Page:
AfterBurn contains a set of 3ds Max environmental effects that resides within the Rendering->Environment dialog. This is the core of the AfterBurn plug-in, and the place where you will spend most of your time creating and fine-tuning your effects.
Please note that since much of AfterBurn is set up as Environmental effects, these effects does not create any actual geometry in your scenes.
In addition, you are not limited to a single AfterBurn effect in your scene. You can either add one AfterBurn entry to affect selected particle systems globally, or you can add multiple AfterBurn entries for different particle systems.
AfterBurn also comes with three different rendering technologies: the Raymarcher, the Octane Shader and HyperSolids. Between them, you can create just about any organic particle effect you can dream up. Raymarcher is the photorealistic engine, while the Octane Shader is AfterBurn's ultra-fast render system for dust and more transparent effects. HyperSolids is a special engine for creating blobby, organic forms and other procedural solid looking objects as shown below.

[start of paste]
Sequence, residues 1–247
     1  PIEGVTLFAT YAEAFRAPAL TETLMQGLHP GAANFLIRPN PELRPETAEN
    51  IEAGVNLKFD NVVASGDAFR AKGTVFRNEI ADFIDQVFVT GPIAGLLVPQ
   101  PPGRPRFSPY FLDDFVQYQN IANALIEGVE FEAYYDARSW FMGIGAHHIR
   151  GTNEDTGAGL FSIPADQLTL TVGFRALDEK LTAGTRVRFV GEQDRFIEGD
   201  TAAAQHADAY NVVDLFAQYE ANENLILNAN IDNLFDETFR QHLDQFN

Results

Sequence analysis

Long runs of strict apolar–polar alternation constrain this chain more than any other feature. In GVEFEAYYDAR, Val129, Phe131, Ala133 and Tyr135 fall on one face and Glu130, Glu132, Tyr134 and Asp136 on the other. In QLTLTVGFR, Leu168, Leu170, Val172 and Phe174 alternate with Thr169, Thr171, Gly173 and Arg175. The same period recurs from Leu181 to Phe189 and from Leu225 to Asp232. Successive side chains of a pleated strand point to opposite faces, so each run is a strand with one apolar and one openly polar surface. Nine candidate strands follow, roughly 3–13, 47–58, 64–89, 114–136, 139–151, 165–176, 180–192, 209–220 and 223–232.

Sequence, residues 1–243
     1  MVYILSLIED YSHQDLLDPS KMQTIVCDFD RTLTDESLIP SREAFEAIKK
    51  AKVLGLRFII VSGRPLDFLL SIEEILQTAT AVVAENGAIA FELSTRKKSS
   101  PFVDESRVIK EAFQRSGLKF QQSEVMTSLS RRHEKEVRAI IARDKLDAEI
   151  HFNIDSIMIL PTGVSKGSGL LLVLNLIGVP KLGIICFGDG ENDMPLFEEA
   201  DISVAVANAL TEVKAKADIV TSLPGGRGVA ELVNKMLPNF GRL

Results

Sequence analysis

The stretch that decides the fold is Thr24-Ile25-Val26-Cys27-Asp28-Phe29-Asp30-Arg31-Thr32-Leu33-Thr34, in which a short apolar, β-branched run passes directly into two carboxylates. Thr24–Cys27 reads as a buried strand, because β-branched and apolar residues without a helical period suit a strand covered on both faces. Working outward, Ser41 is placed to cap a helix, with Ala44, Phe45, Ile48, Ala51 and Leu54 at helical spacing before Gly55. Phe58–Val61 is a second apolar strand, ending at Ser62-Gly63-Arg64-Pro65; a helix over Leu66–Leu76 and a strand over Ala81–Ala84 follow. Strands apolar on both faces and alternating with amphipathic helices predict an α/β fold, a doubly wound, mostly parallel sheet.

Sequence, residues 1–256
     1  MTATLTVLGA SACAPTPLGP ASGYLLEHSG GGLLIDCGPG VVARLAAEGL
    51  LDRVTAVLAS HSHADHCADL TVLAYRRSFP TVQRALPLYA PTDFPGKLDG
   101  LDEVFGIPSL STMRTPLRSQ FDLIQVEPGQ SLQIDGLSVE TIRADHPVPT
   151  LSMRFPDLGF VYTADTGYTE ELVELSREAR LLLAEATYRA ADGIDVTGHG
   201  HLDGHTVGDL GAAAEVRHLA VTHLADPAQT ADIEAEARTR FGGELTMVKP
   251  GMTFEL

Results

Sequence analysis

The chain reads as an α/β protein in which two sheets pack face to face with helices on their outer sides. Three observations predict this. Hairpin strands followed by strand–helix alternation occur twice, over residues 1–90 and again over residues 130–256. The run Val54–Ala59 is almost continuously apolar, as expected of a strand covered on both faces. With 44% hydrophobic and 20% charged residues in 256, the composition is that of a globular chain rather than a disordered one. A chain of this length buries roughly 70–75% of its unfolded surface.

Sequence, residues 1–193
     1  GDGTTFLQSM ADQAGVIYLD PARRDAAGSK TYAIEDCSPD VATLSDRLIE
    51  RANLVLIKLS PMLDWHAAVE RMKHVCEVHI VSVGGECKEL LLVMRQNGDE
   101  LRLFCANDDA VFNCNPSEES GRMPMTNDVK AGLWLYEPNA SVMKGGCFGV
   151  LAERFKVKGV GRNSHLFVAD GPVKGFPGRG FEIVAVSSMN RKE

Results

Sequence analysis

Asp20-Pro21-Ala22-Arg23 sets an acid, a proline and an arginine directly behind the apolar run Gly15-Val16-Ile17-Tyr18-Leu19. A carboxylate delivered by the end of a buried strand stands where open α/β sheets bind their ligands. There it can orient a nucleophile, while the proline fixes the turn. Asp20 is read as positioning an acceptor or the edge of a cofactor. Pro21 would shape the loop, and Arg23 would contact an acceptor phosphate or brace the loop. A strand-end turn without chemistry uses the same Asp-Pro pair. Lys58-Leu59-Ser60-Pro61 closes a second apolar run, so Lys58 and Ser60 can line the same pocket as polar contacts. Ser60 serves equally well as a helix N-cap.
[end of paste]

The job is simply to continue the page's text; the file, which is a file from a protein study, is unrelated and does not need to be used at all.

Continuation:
AfterBurn Daemons are helper objects that affect AfterBurn and AfterBurn Combustion in different ways. (Think of them as "Space Warps for volumetrics.") These daemons affect the volumetric effects by altering the noise and shape of the puffs.
For example, the wind daemon can affect the puffs and make them appear as if they are moving in a particular direction.
AfterBurn ships initially with a number of Daemons. For any AfterBurn effect to take advantage of these daemons, they must be added to the respective plug-in slot.
If there is more than one Daemon applied to the same effect, you need to take care about which one is going be applied first (the final effect can look different!) You can control this by re-ordering Daemons in the AfterBurn or AfterBurn Combustion [Pick Sources/Daemons] Combo Box.